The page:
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even by the standards of modern mathematics? Or are there some mistakes or errors?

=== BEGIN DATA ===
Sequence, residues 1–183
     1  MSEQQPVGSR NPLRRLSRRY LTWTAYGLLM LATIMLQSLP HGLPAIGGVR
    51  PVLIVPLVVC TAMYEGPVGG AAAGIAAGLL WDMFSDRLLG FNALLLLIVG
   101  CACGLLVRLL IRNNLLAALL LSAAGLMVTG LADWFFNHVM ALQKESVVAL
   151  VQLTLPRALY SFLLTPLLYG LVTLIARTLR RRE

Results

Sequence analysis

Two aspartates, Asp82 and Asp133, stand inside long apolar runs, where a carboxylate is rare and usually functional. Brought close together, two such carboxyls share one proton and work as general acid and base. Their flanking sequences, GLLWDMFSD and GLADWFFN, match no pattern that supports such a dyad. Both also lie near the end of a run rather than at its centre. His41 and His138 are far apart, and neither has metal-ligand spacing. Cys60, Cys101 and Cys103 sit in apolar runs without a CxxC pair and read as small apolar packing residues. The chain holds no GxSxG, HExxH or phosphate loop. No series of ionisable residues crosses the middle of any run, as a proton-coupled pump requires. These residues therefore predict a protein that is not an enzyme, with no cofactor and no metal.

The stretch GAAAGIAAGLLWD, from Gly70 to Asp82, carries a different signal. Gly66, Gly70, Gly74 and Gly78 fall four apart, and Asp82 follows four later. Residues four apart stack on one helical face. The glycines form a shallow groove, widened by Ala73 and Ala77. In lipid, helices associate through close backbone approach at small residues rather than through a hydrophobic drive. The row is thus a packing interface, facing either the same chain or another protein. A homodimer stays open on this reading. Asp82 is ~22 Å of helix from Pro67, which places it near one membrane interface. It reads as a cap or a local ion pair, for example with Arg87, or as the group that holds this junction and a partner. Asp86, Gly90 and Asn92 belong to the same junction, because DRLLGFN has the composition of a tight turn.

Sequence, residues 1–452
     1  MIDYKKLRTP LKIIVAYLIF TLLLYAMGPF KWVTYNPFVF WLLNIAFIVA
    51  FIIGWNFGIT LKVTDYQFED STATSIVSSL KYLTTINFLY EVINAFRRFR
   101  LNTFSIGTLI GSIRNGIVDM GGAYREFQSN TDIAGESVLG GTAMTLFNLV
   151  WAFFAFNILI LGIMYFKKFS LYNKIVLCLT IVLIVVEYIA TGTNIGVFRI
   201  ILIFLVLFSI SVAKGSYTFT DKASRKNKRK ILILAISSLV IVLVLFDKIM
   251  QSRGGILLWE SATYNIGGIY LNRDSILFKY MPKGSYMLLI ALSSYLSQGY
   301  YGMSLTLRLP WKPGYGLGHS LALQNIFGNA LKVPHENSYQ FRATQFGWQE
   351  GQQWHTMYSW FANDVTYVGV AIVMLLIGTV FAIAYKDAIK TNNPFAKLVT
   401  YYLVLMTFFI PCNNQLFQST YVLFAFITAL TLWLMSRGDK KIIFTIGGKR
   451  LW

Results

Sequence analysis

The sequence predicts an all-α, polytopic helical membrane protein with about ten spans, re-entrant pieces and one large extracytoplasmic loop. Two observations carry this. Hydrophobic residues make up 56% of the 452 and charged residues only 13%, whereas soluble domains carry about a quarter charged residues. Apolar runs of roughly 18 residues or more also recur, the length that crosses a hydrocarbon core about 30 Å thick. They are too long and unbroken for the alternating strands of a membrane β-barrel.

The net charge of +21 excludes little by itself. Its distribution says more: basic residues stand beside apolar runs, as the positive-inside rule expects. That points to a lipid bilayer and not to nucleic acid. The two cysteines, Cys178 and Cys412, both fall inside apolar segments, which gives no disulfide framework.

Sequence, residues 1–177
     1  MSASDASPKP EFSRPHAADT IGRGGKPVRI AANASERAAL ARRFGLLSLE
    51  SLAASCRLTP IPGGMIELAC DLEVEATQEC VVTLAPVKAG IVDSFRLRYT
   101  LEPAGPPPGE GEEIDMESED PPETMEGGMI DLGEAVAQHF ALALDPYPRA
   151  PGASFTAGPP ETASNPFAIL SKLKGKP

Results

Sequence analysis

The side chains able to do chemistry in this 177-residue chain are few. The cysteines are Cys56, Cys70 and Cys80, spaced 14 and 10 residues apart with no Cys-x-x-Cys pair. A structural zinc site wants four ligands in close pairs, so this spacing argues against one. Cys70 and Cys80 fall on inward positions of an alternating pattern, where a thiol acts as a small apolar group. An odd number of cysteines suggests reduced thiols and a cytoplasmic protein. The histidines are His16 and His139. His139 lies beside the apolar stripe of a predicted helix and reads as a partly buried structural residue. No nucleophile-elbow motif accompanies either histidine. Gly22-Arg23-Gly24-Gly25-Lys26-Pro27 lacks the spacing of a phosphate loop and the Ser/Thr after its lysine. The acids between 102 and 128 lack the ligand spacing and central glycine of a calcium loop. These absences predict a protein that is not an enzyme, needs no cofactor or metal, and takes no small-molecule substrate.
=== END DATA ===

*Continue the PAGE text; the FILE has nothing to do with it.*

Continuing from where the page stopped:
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In spite of the fact that his 1849 article is where, for the first time, the Fundamental Theorem of Algebra is stated for polynomials with complex coefficients, the 1849 proof is just his 1799 proof, and therefore it has the same flaw as that proof: Gauss assumes, without proof, that “an algebraic curve can neither suddenly end abruptly anywhere, nor lose itself, so to speak, in a point after an infinity of circuits (as in the case of a logarithmic spiral)” (I am quoting from his dissertation).

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